Addiction-Related Effects of DOV 216,303 and Cocaine: A Comparative Study in the Mouse

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DOV 216,303, an inhibitor of serotonin, noradrenaline and dopamine reuptake, belongs to a new line of drugs called 'triple reuptake inhibitors' that have been proposed for treatment of depression. The addictive drug cocaine has similar mechanism of action and exerts rewarding effects by blocking reuptake of dopamine, leading to increased extracellular concentrations of dopamine in the nucleus accumbens. Thus, DOV 216,303 and other triple reuptake inhibitors might be speculated to exhibit abuse potential, limiting their future therapeutic use. To further elucidate potential addictive properties of DOV 216,303, we conducted a comparative study of addiction-related effects of DOV 216,303 and cocaine in mice using acute self-administration, conditioned place preference (CPP) and drug-induced hyperlocomotion. Effects on accumbal extracellular dopamine levels were determined using microdialysis, and we measured monoamine receptor occupancy as well as brain and plasma exposure. DOV 216,303 was self-administered acutely in the same dose range as cocaine. However, in the CPP model, DOV 216,303 did not induce place preference at doses where cocaine caused place preference. Higher doses of DOV 216,303 than cocaine were needed to induce hyperlocomotion and increase extracellular accumbal dopamine with effective doses being higher than effective doses used in depression models. Moreover, DOV 216,303 displayed a pharmacokinetic profile with lower potential for addiction than cocaine. Thus, high levels of DAT occupancy were reached slower and decayed more slowly after DOV 216,303 than cocaine administration. The present study shows that acute administration of DOV 216,303 displays some addictive-like properties in mice, but these were less pronounced than cocaine, most likely due to different pharmacokinetic profiles.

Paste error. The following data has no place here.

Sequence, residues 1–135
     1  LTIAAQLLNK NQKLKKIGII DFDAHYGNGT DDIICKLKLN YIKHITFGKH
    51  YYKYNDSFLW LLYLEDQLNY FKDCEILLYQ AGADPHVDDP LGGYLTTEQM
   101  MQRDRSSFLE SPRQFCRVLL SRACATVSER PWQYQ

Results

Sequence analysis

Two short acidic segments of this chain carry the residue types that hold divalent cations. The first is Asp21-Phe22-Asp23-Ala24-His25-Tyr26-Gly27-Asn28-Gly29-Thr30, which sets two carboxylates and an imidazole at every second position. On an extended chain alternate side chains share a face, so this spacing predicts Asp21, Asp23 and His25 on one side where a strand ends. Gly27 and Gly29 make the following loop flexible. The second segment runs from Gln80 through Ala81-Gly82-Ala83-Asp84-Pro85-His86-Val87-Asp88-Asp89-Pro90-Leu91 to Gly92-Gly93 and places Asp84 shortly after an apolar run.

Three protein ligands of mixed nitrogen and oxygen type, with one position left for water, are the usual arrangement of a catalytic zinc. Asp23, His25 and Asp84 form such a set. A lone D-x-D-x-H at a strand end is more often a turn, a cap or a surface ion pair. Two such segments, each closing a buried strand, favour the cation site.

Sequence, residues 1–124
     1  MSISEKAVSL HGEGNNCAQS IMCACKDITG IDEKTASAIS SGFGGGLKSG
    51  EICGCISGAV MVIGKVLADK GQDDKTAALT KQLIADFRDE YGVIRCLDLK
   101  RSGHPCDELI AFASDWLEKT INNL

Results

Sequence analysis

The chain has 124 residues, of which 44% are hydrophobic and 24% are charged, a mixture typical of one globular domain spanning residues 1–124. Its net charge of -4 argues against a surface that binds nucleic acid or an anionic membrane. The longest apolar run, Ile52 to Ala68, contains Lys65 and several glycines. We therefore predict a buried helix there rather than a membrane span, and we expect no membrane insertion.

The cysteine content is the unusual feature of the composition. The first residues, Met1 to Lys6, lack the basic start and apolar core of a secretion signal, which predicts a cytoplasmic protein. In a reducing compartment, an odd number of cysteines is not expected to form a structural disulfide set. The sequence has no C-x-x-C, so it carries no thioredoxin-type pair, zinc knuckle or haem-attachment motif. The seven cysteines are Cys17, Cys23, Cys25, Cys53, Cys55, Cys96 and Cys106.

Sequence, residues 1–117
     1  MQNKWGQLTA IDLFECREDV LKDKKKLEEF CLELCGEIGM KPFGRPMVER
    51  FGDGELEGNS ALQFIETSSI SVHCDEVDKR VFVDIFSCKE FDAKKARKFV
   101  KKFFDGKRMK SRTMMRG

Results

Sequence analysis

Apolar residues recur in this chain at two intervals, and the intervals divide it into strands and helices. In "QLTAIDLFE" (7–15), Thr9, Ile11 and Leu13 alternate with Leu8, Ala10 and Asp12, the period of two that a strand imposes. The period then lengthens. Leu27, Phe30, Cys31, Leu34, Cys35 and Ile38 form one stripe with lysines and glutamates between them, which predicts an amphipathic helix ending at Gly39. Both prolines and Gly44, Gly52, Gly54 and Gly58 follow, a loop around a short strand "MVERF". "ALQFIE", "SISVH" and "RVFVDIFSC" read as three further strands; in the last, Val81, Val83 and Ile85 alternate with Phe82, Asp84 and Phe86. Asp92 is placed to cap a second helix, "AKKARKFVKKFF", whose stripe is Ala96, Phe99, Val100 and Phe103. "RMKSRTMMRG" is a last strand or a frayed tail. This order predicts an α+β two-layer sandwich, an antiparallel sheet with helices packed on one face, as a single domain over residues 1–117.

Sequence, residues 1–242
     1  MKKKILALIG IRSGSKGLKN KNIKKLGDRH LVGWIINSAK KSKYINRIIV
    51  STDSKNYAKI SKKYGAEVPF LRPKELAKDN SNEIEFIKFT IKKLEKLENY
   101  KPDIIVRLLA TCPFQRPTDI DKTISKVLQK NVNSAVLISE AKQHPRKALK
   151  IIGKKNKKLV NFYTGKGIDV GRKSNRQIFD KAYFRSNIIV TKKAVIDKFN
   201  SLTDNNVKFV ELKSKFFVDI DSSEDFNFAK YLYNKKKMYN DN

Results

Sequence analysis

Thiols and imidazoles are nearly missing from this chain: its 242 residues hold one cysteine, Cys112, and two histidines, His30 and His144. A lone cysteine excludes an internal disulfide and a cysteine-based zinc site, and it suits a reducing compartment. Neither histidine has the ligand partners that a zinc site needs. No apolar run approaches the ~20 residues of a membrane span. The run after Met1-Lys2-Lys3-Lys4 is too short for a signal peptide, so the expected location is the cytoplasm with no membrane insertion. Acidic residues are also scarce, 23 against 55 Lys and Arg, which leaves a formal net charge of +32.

Original languageEnglish
JournalBasic & Clinical Pharmacology & Toxicology
Issue number6
Pages (from-to)451-9
Number of pages9
Publication statusPublished - Jun 2014

ID: 120197128